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Future husbands: predictors of young males’ exposure to family planning messages in Ghana
Authors: Eugene K.M. Darteh, and Joshua Amo-Adjei
Source: African Population Studies, 26(1): 75-86; DOI:
Topic(s): Contraception
Family planning
Country: Africa
Published: APR 2012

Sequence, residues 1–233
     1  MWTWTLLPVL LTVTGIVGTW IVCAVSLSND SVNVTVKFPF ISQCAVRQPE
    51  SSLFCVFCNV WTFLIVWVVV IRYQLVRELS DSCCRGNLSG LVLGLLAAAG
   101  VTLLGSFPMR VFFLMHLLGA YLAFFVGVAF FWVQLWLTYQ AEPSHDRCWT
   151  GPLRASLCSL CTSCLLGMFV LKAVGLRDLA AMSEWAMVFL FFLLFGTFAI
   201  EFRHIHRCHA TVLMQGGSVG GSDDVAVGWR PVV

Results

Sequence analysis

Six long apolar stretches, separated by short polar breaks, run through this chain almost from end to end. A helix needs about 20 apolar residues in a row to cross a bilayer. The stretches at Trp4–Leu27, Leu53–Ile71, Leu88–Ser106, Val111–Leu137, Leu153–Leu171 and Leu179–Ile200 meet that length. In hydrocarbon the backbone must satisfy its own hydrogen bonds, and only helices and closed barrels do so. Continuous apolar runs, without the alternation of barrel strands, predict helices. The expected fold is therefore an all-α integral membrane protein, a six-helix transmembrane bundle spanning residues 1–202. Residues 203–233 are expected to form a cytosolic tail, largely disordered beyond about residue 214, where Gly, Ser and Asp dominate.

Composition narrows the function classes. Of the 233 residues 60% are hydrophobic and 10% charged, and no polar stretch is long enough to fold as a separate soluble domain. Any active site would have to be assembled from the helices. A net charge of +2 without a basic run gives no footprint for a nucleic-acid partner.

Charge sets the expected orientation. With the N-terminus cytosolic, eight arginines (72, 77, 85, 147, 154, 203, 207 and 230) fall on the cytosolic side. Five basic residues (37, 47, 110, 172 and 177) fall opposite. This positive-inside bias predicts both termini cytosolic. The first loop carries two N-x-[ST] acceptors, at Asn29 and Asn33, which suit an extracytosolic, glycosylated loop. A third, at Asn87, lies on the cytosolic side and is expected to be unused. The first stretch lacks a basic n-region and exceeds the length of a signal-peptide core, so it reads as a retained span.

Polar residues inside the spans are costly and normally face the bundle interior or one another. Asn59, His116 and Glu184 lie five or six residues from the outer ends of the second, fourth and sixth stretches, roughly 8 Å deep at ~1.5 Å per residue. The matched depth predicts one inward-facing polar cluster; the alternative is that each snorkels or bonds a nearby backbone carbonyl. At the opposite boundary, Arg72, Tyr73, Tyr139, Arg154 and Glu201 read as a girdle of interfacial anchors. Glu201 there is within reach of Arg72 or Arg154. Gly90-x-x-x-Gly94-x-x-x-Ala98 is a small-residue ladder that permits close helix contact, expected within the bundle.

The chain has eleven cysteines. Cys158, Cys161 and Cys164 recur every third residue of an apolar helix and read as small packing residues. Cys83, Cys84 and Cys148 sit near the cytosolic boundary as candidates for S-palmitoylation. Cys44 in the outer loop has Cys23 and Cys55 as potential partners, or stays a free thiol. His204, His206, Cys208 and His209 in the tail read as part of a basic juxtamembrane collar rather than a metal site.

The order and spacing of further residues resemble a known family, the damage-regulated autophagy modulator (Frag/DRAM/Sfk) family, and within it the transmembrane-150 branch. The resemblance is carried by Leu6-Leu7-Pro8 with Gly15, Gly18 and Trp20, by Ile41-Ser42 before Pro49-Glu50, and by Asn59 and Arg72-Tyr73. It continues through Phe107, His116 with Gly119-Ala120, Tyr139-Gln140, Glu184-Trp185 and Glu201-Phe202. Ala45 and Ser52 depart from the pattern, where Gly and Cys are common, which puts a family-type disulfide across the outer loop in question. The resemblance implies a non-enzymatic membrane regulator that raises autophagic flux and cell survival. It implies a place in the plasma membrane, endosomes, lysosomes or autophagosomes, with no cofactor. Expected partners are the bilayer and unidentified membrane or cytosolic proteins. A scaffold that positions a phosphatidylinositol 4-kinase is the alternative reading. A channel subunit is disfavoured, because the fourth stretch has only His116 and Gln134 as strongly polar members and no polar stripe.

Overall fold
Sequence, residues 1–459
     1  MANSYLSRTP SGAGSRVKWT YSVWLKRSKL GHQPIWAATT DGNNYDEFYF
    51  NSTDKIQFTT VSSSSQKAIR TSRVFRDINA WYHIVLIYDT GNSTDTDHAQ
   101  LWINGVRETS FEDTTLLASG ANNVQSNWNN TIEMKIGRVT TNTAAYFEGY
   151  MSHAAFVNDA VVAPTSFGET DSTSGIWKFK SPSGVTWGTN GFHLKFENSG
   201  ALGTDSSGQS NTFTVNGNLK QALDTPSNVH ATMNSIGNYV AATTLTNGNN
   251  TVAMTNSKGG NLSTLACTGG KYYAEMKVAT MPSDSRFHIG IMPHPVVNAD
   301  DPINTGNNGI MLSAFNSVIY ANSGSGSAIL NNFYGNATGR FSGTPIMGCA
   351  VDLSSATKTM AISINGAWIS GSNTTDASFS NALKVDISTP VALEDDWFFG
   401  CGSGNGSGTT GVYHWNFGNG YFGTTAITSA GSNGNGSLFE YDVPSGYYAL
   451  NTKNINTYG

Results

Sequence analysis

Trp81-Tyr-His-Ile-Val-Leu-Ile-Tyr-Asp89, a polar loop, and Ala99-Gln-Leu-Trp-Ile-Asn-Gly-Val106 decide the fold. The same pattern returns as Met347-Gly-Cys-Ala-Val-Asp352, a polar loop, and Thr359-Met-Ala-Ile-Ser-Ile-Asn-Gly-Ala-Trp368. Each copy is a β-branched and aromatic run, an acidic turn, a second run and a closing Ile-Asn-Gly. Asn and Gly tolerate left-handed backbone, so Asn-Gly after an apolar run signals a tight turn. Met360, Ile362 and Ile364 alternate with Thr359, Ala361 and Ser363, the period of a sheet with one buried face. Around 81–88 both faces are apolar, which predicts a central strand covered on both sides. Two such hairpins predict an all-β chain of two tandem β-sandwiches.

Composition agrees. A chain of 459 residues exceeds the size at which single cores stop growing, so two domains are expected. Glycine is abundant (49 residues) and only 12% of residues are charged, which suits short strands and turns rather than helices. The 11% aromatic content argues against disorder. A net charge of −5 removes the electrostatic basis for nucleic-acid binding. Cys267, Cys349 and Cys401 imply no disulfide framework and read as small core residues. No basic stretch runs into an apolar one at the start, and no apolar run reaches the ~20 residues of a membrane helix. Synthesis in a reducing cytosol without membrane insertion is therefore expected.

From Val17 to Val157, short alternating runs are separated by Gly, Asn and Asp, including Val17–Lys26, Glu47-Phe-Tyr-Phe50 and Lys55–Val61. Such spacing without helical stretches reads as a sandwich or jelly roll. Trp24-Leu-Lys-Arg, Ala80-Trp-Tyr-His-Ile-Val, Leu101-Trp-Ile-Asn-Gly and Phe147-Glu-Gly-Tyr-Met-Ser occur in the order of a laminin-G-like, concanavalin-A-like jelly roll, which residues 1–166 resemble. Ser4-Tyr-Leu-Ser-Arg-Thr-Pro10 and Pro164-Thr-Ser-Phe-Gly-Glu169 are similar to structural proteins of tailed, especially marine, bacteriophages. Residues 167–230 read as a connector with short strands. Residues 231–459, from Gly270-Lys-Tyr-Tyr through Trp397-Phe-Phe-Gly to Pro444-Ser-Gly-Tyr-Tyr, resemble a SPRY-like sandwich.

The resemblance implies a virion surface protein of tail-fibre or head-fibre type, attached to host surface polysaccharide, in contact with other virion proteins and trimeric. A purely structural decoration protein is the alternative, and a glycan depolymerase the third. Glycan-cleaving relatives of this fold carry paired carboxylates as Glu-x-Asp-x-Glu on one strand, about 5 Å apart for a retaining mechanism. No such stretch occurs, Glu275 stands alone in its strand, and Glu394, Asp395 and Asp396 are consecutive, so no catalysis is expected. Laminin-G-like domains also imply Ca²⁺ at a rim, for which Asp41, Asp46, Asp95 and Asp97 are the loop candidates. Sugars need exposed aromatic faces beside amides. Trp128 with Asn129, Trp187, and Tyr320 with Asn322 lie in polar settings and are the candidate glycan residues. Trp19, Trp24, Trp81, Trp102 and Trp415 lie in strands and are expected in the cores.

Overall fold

Abstract: Abstract A number of studies have concluded that weak involvement of men in family planning decision-making accounts for the low adoption in countries undergoing fertility transition. Programmes to incorporate men in family planning decision-making have largely focused on married men. However, given the pronatalist nature of such societies, family planning within marriage tends to be low. An alternative is to consider the involvement of unmarried young people. This paper assesses the exposure of young males’ to specific contraceptive messages and their predictors rather than channels. The study uses data from the 2003 round of Ghana Demographic and Health Survey, a nationally representative survey of people in their reproductive ages. Logistic regression was used to examine predictors of exposure to family planning messages. Generally, levels of exposure to messages on contraceptives were high. Messages which positioned family planning messages as beneficial to the individual had high levels of exposure. However, there were marked disparities in exposure to messages based on age, region and rural–urban residence, level of formal education, especially beyond the secondary level. The effect of education beyond the secondary level on exposure appeared more robust than any other socioeconomic variable. Given the multivariate nature of predictors of exposure, appealing and culturally acceptable messages through reliable mediums are likely to increase exposure and attract the attention of young men towards family planning messages.